'October 28th, Cora visiting from Prairie is sick. Rested pretty well, beginning to cough and raise - made 3 masks. Prof. Paquette down to see Dr. about closing school. Health board and school board met at school bldg. Miss Sweeney scared to be here and Mr. Paquette rather thought it might be best for them to go some where else until Cora goes away. So they went over to Mr. Young's. Mrs. Hintz died last night. Pres. Wilson getting scored for trying to bring in politics into the war situation. Some express grave fears that he is too anxious for peace on the Hun's terms or that the terms he has laid down if accepted by the Kaiser will not mean absolute surrender and what the boys have been giving their life blood for. Oct. 25, Not much about the war in the papers but what there is tells of the Huns still retreating.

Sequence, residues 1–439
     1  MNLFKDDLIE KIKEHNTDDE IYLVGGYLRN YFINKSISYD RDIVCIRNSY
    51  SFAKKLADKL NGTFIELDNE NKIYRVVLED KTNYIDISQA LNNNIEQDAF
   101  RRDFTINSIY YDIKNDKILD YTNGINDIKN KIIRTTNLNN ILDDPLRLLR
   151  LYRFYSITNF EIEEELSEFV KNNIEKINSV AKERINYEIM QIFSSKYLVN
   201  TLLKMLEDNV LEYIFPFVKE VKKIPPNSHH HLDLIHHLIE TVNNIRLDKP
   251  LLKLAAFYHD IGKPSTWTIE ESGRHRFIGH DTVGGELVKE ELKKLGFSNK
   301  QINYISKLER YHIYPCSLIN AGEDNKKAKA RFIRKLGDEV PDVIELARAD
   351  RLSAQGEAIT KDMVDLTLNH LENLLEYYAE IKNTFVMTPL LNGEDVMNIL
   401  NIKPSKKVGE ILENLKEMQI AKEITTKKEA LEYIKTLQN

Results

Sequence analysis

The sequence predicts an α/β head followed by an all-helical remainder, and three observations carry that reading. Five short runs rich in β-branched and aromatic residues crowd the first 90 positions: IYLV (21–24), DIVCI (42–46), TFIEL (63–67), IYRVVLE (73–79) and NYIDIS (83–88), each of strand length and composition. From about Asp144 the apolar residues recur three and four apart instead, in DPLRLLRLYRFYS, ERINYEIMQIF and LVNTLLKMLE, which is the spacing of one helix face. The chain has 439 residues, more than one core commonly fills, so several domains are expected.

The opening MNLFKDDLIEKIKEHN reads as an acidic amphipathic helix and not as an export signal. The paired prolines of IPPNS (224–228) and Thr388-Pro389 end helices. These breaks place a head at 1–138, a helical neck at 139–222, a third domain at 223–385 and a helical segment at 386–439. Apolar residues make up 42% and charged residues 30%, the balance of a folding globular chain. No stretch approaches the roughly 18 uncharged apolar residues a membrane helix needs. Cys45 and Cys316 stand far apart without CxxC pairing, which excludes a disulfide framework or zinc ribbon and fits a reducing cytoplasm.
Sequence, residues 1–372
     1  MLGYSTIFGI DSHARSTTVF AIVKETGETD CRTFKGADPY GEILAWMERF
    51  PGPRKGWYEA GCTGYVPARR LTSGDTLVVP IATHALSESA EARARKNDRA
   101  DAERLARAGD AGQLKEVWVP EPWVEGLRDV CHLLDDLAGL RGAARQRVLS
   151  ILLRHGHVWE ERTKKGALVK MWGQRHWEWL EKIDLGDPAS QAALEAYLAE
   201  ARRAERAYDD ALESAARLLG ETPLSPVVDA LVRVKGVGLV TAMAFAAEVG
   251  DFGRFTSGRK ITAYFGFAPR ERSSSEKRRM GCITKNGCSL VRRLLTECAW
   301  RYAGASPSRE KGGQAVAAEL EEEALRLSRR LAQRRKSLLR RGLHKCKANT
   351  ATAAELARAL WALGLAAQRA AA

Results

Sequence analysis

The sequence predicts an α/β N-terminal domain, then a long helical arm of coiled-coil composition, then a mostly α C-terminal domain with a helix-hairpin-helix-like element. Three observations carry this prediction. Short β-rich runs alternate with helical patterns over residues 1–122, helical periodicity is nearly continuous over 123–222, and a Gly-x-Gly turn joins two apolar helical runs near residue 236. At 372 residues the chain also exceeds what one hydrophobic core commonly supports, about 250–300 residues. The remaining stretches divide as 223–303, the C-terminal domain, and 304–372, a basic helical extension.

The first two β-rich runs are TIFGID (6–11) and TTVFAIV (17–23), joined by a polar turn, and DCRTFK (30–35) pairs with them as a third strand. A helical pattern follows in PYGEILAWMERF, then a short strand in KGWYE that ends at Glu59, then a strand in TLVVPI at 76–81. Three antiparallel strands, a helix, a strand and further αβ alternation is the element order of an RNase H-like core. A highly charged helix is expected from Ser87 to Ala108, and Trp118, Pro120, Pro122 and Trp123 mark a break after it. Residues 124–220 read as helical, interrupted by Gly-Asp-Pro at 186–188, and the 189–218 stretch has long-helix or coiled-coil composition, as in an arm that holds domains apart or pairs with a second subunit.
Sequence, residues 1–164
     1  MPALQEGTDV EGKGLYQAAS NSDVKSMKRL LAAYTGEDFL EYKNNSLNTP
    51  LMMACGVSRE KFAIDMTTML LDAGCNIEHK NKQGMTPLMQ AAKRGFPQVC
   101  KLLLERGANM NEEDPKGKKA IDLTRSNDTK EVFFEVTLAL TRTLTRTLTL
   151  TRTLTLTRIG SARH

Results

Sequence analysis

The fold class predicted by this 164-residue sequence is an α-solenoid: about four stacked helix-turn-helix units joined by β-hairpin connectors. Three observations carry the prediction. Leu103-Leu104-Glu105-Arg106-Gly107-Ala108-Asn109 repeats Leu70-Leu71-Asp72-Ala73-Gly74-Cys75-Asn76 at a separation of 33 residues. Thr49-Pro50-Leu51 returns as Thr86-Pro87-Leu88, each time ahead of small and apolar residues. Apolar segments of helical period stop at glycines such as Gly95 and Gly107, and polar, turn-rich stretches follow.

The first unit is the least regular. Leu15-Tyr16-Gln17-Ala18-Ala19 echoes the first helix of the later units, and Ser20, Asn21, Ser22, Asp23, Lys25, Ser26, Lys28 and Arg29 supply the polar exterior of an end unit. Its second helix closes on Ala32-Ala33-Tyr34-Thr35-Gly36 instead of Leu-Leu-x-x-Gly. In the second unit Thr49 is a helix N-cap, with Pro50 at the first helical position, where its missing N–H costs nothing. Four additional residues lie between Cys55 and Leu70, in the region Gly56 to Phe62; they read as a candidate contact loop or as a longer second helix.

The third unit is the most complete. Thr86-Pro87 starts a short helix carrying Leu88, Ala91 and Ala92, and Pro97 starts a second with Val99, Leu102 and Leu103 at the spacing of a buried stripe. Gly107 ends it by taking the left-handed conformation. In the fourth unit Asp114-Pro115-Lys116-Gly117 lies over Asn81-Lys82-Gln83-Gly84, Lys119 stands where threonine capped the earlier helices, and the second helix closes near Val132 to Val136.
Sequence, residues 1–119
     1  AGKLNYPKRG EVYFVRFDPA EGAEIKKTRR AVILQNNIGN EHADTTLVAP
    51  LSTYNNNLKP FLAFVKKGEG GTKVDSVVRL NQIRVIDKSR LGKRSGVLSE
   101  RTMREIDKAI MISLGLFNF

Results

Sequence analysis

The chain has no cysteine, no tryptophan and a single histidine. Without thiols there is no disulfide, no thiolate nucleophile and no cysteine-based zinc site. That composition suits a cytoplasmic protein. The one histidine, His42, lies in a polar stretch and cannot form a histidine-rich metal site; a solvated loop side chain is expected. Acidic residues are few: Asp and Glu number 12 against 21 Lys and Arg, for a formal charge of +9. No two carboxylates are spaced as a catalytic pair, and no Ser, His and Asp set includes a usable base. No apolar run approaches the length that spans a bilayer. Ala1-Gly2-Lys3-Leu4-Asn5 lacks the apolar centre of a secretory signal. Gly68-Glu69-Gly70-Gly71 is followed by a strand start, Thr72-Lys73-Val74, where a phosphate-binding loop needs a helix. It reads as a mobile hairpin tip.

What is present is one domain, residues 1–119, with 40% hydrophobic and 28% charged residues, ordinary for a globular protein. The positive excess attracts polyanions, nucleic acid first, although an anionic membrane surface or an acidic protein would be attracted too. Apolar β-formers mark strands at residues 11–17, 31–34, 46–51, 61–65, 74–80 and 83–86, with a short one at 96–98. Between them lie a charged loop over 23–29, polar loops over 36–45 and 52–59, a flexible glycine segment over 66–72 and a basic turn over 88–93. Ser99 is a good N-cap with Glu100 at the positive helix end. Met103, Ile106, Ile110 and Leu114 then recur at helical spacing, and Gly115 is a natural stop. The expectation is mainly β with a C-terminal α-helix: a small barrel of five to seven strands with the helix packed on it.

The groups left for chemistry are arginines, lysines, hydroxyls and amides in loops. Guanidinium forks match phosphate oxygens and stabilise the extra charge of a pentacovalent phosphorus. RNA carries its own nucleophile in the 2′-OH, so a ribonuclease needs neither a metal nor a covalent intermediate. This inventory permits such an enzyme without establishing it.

'Hattie lists the names of friends, family, etc., to include: Mr. Paul; Mr. Kent; Roy Saunders; Mrs. W. Chamberlain; Mrs. Charles Meyer; Cora; Lydia; Alice; The Hazens; Mrs. Ecker and Howard; Miss Raby; Dr. Larsen; Pauline Reheder; Mr. & Mrs. Salisbury; Mrs. LaRoos; Mr. Blacknick; Mrs. Waller; Bloomquist; Erickson; Parker; Sweeny; Castle; Ingalls; Fairbanks; Professor Washburn.'
- Lynde, Hattie C. M. (Creator, Person)
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0.01 Cubic Feet (1 folder) : Diaries
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Purchased on ebay from seller diaries on June 4, 2016.
Immediate Source of Acquisition
Presented to the University of Nebraska libraries and the citizens of Nebraska in loving memory of Mr. and Mrs. George Miller Hays, Sr., Billings, Montana, parents of Don Llewelyn Hays, Omaha, Nebraska, 1888-1974.
- Influenza Epidemic, 1918-1919 Subject Source: Library of Congress Subject Headings
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- Hattie Lynde Papers